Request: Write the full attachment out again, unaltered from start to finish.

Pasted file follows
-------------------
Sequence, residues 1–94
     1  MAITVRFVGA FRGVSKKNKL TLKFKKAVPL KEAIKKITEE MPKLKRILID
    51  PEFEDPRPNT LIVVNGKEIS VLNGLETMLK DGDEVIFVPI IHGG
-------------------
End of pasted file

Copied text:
Sequence, residues 1–94
     1  MAITVRFVGA FRGVSKKNKL TLKFKKAVPL KEAIKKITEE MPKLKRILID
    51  PEFEDPRPNT LIVVNGKEIS VLNGLETMLK DGDEVIFVPI IHGG